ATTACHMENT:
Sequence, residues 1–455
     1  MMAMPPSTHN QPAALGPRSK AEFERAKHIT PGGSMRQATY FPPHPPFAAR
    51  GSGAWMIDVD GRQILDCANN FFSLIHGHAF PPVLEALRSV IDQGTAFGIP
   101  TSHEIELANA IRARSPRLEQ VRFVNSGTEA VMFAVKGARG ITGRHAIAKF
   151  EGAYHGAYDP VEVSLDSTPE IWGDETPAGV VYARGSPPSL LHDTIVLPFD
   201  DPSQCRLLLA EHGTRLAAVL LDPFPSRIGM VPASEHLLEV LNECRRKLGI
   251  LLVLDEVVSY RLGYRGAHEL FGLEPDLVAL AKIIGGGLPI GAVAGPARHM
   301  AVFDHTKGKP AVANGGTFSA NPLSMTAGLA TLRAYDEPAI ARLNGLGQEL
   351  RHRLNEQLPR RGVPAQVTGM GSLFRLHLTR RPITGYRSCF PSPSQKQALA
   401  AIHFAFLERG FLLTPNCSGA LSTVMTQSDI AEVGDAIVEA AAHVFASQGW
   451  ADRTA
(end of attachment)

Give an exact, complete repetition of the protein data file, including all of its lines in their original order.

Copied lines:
Sequence, residues 1–455
     1  MMAMPPSTHN QPAALGPRSK AEFERAKHIT PGGSMRQATY FPPHPPFAAR
    51  GSGAWMIDVD GRQILDCANN FFSLIHGHAF PPVLEALRSV IDQGTAFGIP
   101  TSHEIELANA IRARSPRLEQ VRFVNSGTEA VMFAVKGARG ITGRHAIAKF
   151  EGAYHGAYDP VEVSLDSTPE IWGDETPAGV VYARGSPPSL LHDTIVLPFD
   201  DPSQCRLLLA EHGTRLAAVL LDPFPSRIGM VPASEHLLEV LNECRRKLGI
   251  LLVLDEVVSY RLGYRGAHEL FGLEPDLVAL AKIIGGGLPI GAVAGPARHM
   301  AVFDHTKGKP AVANGGTFSA NPLSMTAGLA TLRAYDEPAI ARLNGLGQEL
   351  RHRLNEQLPR RGVPAQVTGM GSLFRLHLTR RPITGYRSCF PSPSQKQALA
   401  AIHFAFLERG FLLTPNCSGA LSTVMTQSDI AEVGDAIVEA AAHVFASQGW
   451  ADRTA